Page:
I looked at one apartment in a building a few streets over from where I now rent, and the building employee who showed me the place said, "You're a nice lady, you don't want to live here." He meant not the city or the neighborhood, but the block. After I moved into my current apartment, many people told me, on seeing my building, "This is a nice block!"
I've lived in many towns with relatively better and worse neighborhoods, but I hadn't encountered that kind of specific block-awareness since Manhattan in the early- to mid-90s. Remember when the common perception of New York was that one wrong turn would lead you into certain doom?
But what I have found about living in a place where blocks are so distinct is that every turn can place you in a new world, or a new time. My current favorite block is the bit of Capitol Avenue between Main and Hudson. With its red doors, its little street-level nooks and gates, and its grand, refined apartment buildings, it is entirely different in appearance and character than any of the blocks that surround it.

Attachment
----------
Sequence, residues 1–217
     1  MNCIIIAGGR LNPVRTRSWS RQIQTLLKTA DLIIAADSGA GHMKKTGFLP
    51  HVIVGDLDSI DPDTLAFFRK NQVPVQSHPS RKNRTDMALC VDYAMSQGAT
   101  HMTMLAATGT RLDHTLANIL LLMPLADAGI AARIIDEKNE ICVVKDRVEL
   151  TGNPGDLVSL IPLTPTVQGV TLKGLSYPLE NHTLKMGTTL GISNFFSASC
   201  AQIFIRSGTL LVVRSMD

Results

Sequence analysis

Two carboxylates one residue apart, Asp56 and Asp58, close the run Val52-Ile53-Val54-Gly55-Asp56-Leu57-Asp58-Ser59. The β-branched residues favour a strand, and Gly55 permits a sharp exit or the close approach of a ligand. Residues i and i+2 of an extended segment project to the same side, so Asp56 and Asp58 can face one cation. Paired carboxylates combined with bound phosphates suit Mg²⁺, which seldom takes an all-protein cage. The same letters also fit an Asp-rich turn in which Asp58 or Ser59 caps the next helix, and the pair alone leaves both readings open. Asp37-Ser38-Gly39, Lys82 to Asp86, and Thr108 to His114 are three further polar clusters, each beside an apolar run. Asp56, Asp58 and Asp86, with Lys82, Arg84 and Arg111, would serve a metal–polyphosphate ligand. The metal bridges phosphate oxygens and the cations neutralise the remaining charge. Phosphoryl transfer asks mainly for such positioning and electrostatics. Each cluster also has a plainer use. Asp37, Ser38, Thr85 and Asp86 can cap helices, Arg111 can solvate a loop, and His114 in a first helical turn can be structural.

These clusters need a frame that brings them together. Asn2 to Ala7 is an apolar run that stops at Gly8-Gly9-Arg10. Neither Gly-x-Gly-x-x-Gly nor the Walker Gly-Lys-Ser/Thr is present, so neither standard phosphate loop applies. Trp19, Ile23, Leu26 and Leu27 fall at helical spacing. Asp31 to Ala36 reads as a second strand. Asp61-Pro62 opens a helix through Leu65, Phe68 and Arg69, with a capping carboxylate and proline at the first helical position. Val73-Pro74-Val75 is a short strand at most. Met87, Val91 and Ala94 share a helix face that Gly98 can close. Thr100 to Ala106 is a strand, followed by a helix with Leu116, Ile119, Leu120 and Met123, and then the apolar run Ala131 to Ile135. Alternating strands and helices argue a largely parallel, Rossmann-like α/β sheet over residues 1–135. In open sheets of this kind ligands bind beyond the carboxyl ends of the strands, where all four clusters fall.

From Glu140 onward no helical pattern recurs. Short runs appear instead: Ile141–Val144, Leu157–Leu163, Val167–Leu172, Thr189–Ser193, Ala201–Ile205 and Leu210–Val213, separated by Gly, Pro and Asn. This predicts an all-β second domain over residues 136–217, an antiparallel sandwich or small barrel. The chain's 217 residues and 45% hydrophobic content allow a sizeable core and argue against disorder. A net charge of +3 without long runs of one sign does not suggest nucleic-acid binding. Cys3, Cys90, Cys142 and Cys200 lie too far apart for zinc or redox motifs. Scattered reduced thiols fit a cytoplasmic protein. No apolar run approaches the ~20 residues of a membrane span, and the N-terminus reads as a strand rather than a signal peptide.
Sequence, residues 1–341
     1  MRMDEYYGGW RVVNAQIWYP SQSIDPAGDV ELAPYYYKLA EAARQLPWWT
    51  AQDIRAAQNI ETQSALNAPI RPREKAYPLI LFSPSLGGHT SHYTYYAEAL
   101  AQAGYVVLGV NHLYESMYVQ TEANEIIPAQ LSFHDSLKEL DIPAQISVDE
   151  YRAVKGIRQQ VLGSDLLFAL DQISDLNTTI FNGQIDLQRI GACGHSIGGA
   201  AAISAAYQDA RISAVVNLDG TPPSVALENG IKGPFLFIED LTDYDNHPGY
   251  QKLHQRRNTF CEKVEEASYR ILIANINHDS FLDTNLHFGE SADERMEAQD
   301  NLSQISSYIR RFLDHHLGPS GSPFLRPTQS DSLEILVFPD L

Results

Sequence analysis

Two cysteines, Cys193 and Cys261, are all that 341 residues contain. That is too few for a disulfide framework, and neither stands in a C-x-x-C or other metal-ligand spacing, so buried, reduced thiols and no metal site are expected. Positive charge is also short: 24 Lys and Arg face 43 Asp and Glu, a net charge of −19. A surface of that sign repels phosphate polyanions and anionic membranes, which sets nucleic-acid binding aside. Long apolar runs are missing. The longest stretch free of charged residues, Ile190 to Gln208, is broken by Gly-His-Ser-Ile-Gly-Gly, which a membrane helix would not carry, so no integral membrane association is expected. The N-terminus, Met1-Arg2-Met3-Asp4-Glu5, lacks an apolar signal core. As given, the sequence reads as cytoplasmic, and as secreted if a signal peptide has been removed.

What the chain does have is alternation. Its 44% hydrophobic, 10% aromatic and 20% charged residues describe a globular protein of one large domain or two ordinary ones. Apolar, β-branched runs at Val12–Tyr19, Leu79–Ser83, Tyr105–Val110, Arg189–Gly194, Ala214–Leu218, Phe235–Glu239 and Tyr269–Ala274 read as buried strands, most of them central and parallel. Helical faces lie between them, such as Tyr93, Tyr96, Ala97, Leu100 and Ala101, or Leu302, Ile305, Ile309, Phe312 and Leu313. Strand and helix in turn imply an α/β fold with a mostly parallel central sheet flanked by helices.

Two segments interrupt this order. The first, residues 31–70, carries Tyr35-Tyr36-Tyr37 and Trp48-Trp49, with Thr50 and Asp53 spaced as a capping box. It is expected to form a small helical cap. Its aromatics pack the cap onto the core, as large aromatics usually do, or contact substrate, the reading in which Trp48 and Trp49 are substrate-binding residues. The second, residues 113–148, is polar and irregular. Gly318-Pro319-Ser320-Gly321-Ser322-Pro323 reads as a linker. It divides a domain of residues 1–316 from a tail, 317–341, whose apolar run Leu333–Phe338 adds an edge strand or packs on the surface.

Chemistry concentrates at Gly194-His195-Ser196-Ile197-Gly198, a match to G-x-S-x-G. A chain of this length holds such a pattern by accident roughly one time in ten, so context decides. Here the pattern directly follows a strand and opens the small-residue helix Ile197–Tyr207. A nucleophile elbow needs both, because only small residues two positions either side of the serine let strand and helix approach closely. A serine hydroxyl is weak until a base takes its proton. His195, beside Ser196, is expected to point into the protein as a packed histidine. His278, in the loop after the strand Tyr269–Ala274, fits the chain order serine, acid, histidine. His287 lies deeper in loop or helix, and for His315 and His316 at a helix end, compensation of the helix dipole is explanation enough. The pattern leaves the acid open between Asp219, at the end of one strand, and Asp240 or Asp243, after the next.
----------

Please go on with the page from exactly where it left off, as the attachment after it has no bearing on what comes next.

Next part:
It's popular to talk about how small Hartford is. But when you think of the city as being made up of thousands and thousands of unique blocks, it begins to seem very large indeed.